2-1 in 18 innings..a Sport Psychology Dream
The spring has had a challenging start to it thus far. Our team has had six injuries of varying severity with three guys out for the year so far. Without going into too much detail, it has changed the complexity of our team significantly. More importantly, it has ended the high school careers of at least two of the players. That is something that has been very hard to deal with. Regardless, I do not think anyone within the state of South Carolina feels bad for us and plans on spotting us any runs when we play them! The challenge has been to keep the same high aspirations the team had before the year as the names in the lineup have been changed. Something I think has helped with this transition is our clear expectation for everyone in the program and a goal we set of, "Being as good as we can be each day." Guys getting hurt hasn't changed that a bit. It was kind of cool to see John Calipari has the same expectations for his team in pursuit of history. I saw a quote prior to the tournament starting where he said, "All I want for my team right now is individually to be the best version of yourself." That is really all any of us can and should expect. That best version may change over time and may even fluctuate daily, but it's a great perspective.
Have you ever participated in a long, extra inning game? Were there moments or lessons that stood out to you? I'd love to hear about them. Tweet @Coach_Ehrlich, or shoot me an email email@example.com. Win now!
The injuries have made the start a bit of a roller coaster ride as our team searches for its identity, and that roller coaster continued with an eighteen inning game on Tuesday night against one of our rivals. The game, a tense one for all involved because of the numerous up's and down's that an eighteen inning game will bring, was a sport psychology dream with all of the story lines that developed. It would be impossible to mention every one, but I will discuss a few general thoughts I had and hope to incorporate some concepts that will help others in the future.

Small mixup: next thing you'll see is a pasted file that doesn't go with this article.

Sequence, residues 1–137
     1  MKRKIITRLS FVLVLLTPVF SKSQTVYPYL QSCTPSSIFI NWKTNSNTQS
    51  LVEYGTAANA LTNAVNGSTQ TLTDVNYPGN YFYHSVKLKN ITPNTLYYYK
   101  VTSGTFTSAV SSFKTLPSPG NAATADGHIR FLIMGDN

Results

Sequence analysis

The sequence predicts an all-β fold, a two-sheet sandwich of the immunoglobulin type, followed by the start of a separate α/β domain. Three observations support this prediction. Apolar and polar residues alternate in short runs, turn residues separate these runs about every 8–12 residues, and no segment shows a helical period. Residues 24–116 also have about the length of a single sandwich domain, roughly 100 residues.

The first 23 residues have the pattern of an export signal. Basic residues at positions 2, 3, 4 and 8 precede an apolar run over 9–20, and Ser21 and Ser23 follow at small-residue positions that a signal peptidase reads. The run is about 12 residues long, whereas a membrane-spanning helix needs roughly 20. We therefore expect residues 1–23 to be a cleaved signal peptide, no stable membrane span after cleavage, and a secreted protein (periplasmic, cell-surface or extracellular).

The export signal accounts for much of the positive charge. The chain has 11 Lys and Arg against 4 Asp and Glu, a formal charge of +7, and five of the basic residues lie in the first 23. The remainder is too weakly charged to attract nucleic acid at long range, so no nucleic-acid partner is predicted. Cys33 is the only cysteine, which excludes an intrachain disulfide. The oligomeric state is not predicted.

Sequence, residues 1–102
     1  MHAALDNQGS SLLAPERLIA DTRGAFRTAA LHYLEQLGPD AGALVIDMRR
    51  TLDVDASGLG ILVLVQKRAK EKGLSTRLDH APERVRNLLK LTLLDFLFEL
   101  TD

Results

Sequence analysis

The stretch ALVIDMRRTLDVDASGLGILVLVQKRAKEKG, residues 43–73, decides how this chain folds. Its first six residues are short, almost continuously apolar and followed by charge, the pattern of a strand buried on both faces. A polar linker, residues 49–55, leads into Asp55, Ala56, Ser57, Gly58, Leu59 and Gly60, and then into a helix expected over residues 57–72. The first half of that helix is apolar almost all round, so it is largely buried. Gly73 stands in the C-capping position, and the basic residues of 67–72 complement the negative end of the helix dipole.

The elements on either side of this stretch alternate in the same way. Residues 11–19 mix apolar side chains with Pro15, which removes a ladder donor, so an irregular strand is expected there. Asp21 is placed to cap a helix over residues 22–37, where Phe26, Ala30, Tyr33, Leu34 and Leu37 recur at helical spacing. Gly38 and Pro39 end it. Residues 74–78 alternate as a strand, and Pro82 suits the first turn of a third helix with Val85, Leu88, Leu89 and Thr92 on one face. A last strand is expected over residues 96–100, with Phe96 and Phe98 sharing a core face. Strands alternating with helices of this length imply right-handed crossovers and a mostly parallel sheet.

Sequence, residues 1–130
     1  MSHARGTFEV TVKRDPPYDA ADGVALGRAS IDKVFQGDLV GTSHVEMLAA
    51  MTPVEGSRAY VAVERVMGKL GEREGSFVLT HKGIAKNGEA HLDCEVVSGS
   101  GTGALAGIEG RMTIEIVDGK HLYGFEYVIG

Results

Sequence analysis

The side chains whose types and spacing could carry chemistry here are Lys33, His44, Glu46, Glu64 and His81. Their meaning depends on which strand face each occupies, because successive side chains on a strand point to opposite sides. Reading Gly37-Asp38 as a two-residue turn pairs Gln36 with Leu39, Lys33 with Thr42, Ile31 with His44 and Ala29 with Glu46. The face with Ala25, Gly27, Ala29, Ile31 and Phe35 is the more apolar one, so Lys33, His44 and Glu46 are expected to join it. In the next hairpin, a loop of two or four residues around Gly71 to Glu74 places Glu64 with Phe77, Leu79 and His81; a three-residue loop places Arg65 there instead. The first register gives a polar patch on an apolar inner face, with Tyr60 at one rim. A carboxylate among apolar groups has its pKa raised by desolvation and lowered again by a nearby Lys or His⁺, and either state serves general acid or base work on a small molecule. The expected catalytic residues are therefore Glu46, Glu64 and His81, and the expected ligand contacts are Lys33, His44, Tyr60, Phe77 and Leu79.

1. The Toughest Moment in Baseball History That Wasn't: Somewhere around the 5th inning or so, we were locked in a 1-1 tie. We pinch-hit a kid with freakish athletic ability who has worked to try to play catch up with some baseball skills and knowledge of the game over the last couple of years. He worked the at-bat and got drilled in the arm. After advancing to second base on a bunt (I think? 18 innings remember!), he stole third. The player slid extremely late and crushed his ankle on the bag as the ball scooted away. "Score!" was the call and the goal of the player as he proceeded to do the unthinkable. With his left foot dangling to the side, he hopped on his right foot in a perfectly straight line and scored ahead of the throw. The player then collapsed in agony and had to be carried off the field. Unfortunately, he got the bad news of having a severe leg and ankle injury that required surgery Thursday. That is much more important than the result of a game, but the focus of the blog is the game so back to it. As the player is lying in agony, the opposing coach is discussing the play with the umpires. The umpires walk off several times to discuss what happened. Any coach knows this is never a good sign and is likely going to result in 50% of the people involved in the game being extremely upset with the end of the conversation. The umpires decided that one of them had blown the play dead because of a "concern for safety of the player" (never mind that he had been standing on third and decided on his own to go home). I've never seen this happen in a baseball game in my life, but the decision was indeed made. Our team was upset (about the player and the play), the hitter ended up striking out to end the inning, and little did we know the night was just getting started. Regardless of the result, the player who hopped home showed unbelievable courage with his effort on the play. It was the toughest individual effort I have ever witnessed in person and something I will never forget. Moving past it proved a tough challenge. Much thought was spent on how we should have scored instead of how we would do so again in the present moment.